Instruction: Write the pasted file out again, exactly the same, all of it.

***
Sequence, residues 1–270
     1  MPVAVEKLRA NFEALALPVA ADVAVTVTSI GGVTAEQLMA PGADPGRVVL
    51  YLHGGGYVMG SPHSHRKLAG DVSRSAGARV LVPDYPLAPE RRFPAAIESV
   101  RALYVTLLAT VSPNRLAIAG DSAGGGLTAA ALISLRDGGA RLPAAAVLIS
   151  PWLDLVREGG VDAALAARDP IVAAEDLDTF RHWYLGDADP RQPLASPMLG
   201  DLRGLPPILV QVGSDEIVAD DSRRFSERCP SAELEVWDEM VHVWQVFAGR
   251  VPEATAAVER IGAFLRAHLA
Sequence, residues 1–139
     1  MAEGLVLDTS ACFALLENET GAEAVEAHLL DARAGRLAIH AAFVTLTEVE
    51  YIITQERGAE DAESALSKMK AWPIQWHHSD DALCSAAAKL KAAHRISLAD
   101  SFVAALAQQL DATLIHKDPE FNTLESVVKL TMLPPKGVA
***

Sequence, residues 1–270
     1  MPVAVEKLRA NFEALALPVA ADVAVTVTSI GGVTAEQLMA PGADPGRVVL
    51  YLHGGGYVMG SPHSHRKLAG DVSRSAGARV LVPDYPLAPE RRFPAAIESV
   101  RALYVTLLAT VSPNRLAIAG DSAGGGLTAA ALISLRDGGA RLPAAAVLIS
   151  PWLDLVREGG VDAALAARDP IVAAEDLDTF RHWYLGDADP RQPLASPMLG
   201  DLRGLPPILV QVGSDEIVAD DSRRFSERCP SAELEVWDEM VHVWQVFAGR
   251  VPEATAAVER IGAFLRAHLA
Sequence, residues 1–139
     1  MAEGLVLDTS ACFALLENET GAEAVEAHLL DARAGRLAIH AAFVTLTEVE
    51  YIITQERGAE DAESALSKMK AWPIQWHHSD DALCSAAAKL KAAHRISLAD
   101  SFVAALAQQL DATLIHKDPE FNTLESVVKL TMLPPKGVA